dress them down - hand held tools


Senior Member
Hi, forum members. I have received some additional help in translating the following sentence:

Mushroomed heads
– Cold chisels, punches, hammers, drift pins and other similar tools have a tendency to mushroom from repeated blows. Dress them down as soon as they begin to crack and curl.

Here is where I have gotten thus far:

Cabezas deformadas - Los cinceles fríos, perforadoras, martillos, clavos, punzón expulsador, botador de chavetas y otras herramientas similares tienen la tendencia a deformarse en forma de hongo debido a su uso continúo.
I am confused on how to translate the following sentence in agreement with the context of my translation (hand-held tools / herramientas de mano):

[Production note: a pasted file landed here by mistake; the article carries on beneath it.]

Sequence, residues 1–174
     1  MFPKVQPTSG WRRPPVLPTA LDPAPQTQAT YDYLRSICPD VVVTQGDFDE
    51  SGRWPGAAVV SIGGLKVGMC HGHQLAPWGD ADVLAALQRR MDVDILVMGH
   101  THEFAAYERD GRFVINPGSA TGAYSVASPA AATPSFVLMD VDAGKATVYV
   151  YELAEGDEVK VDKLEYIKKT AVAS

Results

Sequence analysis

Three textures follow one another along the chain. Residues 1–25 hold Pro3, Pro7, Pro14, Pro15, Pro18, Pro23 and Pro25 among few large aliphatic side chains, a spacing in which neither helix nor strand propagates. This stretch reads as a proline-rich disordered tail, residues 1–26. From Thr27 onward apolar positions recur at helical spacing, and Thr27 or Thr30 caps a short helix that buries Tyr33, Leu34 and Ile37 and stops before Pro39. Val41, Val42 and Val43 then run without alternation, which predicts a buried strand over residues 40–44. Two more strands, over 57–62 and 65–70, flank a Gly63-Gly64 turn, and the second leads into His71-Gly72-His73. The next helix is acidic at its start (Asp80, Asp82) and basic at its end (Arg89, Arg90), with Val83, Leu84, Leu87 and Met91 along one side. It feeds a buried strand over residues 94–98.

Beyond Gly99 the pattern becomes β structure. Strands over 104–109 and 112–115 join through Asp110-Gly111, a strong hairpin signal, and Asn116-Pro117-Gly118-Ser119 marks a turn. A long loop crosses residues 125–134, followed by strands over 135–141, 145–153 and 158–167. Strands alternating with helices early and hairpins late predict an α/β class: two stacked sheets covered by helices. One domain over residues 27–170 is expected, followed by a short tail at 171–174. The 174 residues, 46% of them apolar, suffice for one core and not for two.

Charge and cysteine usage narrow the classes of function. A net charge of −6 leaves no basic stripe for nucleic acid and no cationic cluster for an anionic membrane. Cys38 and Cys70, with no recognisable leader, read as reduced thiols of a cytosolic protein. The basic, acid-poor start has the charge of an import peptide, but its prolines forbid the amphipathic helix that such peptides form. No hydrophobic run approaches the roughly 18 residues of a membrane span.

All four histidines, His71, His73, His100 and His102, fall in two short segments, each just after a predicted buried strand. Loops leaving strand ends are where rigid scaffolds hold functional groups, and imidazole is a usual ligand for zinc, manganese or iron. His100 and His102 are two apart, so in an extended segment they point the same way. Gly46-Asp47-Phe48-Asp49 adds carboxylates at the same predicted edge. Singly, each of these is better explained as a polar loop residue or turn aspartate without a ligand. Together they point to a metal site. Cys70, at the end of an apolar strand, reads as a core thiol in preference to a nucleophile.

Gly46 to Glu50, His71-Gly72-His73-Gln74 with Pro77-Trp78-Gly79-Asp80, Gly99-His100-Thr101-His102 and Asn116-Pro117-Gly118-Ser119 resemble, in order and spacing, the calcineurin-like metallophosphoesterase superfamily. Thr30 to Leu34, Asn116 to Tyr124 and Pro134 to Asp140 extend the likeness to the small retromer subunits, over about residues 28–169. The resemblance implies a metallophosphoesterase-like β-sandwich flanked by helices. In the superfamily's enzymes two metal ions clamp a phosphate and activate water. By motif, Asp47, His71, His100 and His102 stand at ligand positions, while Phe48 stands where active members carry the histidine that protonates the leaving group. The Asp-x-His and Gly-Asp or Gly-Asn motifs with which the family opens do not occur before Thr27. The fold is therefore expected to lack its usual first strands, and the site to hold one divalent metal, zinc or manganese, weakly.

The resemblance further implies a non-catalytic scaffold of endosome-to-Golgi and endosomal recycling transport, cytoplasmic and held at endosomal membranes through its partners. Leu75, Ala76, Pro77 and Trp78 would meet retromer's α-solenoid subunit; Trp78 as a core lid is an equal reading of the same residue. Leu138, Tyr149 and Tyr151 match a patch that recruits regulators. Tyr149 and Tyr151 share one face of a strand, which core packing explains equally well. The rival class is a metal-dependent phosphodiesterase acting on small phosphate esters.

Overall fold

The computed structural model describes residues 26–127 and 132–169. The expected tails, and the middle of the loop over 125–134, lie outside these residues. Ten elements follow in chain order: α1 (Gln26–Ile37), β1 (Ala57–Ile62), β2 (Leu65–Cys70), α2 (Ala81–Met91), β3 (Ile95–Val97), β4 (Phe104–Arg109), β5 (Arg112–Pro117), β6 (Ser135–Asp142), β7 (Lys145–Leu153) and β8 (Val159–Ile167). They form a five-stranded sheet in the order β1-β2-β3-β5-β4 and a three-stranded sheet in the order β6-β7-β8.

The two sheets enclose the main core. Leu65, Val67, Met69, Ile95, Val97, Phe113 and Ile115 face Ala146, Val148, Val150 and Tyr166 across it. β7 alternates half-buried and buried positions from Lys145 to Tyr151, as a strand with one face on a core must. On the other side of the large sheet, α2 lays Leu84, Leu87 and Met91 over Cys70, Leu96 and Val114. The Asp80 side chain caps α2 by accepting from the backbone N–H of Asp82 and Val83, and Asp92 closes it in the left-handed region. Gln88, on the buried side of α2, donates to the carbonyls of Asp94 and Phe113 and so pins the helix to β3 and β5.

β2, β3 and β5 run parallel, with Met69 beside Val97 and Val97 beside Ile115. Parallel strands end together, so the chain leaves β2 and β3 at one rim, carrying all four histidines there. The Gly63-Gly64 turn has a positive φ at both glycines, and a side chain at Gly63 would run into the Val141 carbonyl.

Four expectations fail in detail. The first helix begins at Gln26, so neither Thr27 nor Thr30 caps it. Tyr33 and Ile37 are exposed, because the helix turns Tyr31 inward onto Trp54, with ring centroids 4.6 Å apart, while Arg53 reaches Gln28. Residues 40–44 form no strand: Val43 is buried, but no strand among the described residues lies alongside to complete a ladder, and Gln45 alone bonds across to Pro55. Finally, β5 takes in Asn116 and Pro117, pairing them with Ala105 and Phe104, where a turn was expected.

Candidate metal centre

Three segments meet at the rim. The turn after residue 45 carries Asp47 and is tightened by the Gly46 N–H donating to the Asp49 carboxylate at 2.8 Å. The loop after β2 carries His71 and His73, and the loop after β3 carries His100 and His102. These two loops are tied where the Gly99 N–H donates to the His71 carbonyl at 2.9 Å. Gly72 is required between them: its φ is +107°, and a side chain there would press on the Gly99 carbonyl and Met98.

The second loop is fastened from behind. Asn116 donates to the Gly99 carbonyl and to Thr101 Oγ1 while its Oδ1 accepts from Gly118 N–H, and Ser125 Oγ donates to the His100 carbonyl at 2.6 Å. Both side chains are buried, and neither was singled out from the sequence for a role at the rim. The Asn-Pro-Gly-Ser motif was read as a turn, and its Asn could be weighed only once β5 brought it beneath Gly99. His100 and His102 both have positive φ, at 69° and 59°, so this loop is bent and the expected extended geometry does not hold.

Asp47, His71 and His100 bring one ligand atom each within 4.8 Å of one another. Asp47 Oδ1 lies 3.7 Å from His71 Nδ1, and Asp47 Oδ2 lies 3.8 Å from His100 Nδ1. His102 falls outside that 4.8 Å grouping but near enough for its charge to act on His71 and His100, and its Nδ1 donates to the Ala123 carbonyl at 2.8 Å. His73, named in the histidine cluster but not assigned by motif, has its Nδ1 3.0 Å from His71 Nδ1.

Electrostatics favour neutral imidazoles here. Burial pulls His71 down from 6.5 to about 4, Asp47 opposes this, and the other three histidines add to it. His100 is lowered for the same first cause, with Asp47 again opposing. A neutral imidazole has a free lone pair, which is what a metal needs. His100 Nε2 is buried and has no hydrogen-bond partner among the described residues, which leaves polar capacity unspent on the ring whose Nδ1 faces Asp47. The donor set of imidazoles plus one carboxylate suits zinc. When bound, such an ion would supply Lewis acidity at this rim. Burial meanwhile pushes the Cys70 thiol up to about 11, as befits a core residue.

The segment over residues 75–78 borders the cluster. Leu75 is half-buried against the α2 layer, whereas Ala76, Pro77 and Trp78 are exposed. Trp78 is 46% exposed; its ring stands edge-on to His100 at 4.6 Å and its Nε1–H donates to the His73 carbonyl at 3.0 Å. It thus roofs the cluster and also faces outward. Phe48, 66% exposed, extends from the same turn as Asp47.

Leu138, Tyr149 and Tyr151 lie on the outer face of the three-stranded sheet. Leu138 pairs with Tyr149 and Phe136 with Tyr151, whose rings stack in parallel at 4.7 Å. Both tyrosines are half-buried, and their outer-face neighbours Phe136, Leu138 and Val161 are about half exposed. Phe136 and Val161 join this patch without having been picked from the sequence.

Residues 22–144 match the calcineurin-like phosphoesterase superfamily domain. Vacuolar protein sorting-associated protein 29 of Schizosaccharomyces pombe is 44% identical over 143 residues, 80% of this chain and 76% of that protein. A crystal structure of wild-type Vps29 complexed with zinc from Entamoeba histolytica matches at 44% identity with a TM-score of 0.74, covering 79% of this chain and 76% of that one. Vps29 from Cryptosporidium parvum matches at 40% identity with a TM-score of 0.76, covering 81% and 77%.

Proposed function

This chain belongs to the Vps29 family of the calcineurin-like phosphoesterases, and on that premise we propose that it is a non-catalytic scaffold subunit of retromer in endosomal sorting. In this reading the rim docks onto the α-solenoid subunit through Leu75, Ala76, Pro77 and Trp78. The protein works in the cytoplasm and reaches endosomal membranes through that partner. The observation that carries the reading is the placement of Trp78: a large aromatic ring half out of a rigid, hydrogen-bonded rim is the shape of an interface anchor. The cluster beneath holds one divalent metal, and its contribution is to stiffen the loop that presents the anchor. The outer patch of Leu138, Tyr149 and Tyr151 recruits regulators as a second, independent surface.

Dress them down as soon as they begin to crack and curl.
Does anyone know or understand what it is to "dress them out"?
I would appreciate any help or suggestions.
  • Maybe, but to me pulir suggests polishing, i.e fairly minor smoothing rather than the major trimming off of curled-up metal being suggested, so, as we are looking for the equivalent of "trim" or "straighten out", maybe recortar or, on the assumption that the spare metal would actually be filed down/off, limar.
    Sorry, En forma de hongo still sounds so weird to me.

    Limar, afilar, pulir... (each tool needs something different, doesn't it?)
    Yes, I agree with you. I have fixed it as follows:

    Spanish: Cerciórese de que sean recortadas, limadas o afiladas tan pronto como comiencen a agrietarse o a encresparse.

    English: Dress them down as soon as they begin to crack and curl.

    Please let me know your thoughts on this.

    Also, any better suggestions for "en forma de hongo"?

    That sounds quite clear.

    About the mushroom heads again, I'll tell you in the other thread.